Reduced fuel prices slow down December inflation
The reduction of fuel prices by a dollar for petrol and N$0.40 for diesel contributed to the slowing down in the prices of basic commodities for December.
Inflation slowed down to 5.1%.
The inflation rate for both goods and services declined.
After continuous increases in the inflation rate for goods since March 2018 from 2.8% to 6.1% in November, prices rose at a slower pace in December – 4.2%.
The inflation rate for services started to rise in May 2018 from 4.2% to 4.8% in October and November 2018, before it decreased slightly to 4.5% in December.
The inflation rate for services exceeded the inflation rate for goods for the first since June 2018.
Food price inflation continued its upward trend that started in October 2018 and increased to 5.4% in December from 4.9% in November.
The main driver has been bread and cereal prices that rose by 7.9% in December compared to 6.0% in November.
This category contributes 32.8% to the overall food inflation rate and has, therefore, a strong impact on food price inflation.
In contrast, meat prices increased at a slower pace of 3.5% compared to 4.7% in November. Meat accounts for 23.9% of the food basket.
After price declines between May and September 2018, prices for sugar, jam, honey, etc. are on the rise again and increased by 4.7% in December (November: 4.3%).
The inflation rate for vegetables etc. saw the strongest increase from 8.9% in November to 12.8% in December 2018, while fruit prices accelerated slightly stronger in December (8.1%) than in November (7.9%).
Milk price increases decelerated from 2.2% in November to 0.4% in December.
Experts said the reduction in fuel prices resulted in the drop of the inflation rate for the operation
of transport equipment, which has the highest weight within the transport category and contributes 8.96% to the overall inflation rate.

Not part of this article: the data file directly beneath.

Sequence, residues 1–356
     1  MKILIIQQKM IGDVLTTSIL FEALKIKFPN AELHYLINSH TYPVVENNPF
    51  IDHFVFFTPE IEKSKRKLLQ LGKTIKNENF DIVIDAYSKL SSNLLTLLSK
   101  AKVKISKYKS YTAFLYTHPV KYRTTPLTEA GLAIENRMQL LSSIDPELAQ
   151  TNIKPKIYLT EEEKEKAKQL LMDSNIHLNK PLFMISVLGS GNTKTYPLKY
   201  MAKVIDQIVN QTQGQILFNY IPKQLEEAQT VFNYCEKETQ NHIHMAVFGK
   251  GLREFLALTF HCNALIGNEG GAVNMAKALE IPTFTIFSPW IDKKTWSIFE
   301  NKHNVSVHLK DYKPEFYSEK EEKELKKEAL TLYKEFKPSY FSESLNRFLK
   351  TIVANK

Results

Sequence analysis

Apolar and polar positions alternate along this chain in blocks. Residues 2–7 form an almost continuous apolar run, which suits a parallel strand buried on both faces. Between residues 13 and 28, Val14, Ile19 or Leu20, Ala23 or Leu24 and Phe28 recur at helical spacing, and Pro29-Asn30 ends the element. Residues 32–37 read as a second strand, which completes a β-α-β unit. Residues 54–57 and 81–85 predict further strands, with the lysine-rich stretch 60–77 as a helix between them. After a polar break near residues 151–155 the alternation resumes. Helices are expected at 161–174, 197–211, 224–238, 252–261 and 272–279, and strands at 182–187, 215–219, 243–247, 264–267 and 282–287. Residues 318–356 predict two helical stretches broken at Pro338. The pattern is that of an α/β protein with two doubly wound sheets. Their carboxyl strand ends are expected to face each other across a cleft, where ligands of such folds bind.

Prices for the operation of transport equipment rose by 10.5% in December compared to 15.4% in November and was the slowest pace since June 2018.
Transport contributes 14.3% to total consumption
However, according to the Economic Association of Namibia despite a further drop in fuel prices in January 2019 by N$0.90 per litre and N$1.00 per litre for petrol and diesel respectively, fuel prices remained higher than in January 2018, and will, therefore, contribute to the inflation rate.
Economist Klaus Schade said one can expect oil price fluctuations influenced by changing global growth prospects and in particular by progress in trade negotiations between China and the USA, in Brexit negotiations as well as the monetary policy path pursued by the Federal Reserve Bank in the USA and the European Central Bank, among others.
“In addition, output targets agreed by OPEC+ (mainly Saudi Arabia and Russia), adherence to targets, as well as output responses by US and Canadian shale oil producers will further influence global oil prices, while the exchange rate will impact on domestic fuel prices. Higher fuel costs over the past months, despite some respite in December and January, could, however, result in so-called second round effects, because producers could pass on higher input costs to the end consumer,” he said.
Meanwhile, prices for health services increased at the same rate as in November 2018 (4.8%).
The inflation rates for both sub-categories medical products, outpatient services remained unchanged at 3.4% and 6.6% respectively.
After prices for clothing and footwear increased again in October they followed the same trend since December 2017 again, falling.
Prices for this category dropped by 0.2% in December 2018, for girls’ clothing dropped by 12.5%, while prices for boys’ clothing increased by 0.8%.
Prices for infants’ clothing decreased by 3.6%.
White maize prices and wheat prices on the South African Futures Exchange (Safex) are currently 49% and 21% higher than in January 2018.
“This could result in further price pressure on bread and cereals, while the expected El Niño effect with below average to average rainfalls this season in the region could result in further price increases for crops, vegetable and fruits, while meat prices could decline further due to higher livestock marketing.”
“Overall, we expect the inflation rate in 2019 to remain within the 3% to 6% band targeted by the South African Reserve Bank through its monetary policy,” said Schade.